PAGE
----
The effects of the corporate rise manifest in many ways. Children are educated in corp schools, which take the opportunity to cross-market to them other products produced by that school's parent corp and business partners. Militaries are manned by contracted corp soldiers whose first loyalties are to their paychecks. Oftentimes contracts are subcontracted out several levels deep, leaving accountability behind in a trail of paperwork.

All this is doubly true in space. The corps funded most of the early space exploration, and the grasps of Earth governments were never very strong out in the void. Most corps in space have gotten used to operating as a law unto themselves—much like the British East India Company of old.

Crime & Punishment

Here's something you might soon find relevant: If you run afoul of the powers that be, punishments are rather different than they were in your time—especially out here in space. Don't look at me like that! This is serious!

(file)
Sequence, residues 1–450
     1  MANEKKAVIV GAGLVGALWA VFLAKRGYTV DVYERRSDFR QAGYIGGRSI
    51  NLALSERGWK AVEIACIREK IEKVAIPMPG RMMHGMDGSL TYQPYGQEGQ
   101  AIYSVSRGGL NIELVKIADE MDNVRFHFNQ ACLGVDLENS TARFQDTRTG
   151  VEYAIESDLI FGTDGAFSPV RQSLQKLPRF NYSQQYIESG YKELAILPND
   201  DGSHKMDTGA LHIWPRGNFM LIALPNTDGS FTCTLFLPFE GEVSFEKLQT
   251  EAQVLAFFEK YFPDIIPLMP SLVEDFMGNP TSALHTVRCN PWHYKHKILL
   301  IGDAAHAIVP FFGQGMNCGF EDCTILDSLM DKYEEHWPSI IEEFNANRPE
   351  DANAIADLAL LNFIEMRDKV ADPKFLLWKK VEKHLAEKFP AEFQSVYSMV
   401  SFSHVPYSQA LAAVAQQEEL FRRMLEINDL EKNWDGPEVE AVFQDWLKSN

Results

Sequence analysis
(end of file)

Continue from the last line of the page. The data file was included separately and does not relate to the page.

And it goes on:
The good news is that capital punishments are a lot more rare—at least for the sort of crimes where a trial actually occurs. Back on Earth they'll mostly fine you or put you into stasis. Keeping a lot of criminals in stasis is expensive, but certainly less so than incarcerating them while awake for long periods of time. Fines tend to snowball indefinitely, and if you can't pay them you're looking at a term of indenture.

Out here in space, though, things are a bit different. Living space and life support are at a premium. Fines are still common, but when they don't suffice as punishment authorities look to exile or corporeal punishment. Exile is exactly what it sounds like, and the convicted party may not have a lot of say in where they're sent. Corporeal punishment: well, the removal of body parts is considered rather backward, but society has gotten rather good at inflicting large amounts of pain in a very cheap manner.

Crimes committed with the aid of implants will usually result in the forcible removal of those implants as part of the punishment. This is often accompanied by the offender being barred from legally attaining any similar implant from the same colony in the future.

Continue to the next part of the Dark Future setting preview, check out the open beta test or download the Quick-Start!